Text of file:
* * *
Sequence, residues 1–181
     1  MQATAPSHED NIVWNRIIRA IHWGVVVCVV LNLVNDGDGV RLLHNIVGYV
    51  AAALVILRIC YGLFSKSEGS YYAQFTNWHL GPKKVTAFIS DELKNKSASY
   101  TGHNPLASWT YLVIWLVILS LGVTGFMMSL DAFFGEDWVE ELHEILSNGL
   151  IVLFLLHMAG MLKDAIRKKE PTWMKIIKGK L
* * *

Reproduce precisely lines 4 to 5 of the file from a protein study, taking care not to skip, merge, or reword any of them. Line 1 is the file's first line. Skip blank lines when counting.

   101  TGHNPLASWT YLVIWLVILS LGVTGFMMSL DAFFGEDWVE ELHEILSNGL
   151  IVLFLLHMAG MLKDAIRKKE PTWMKIIKGK L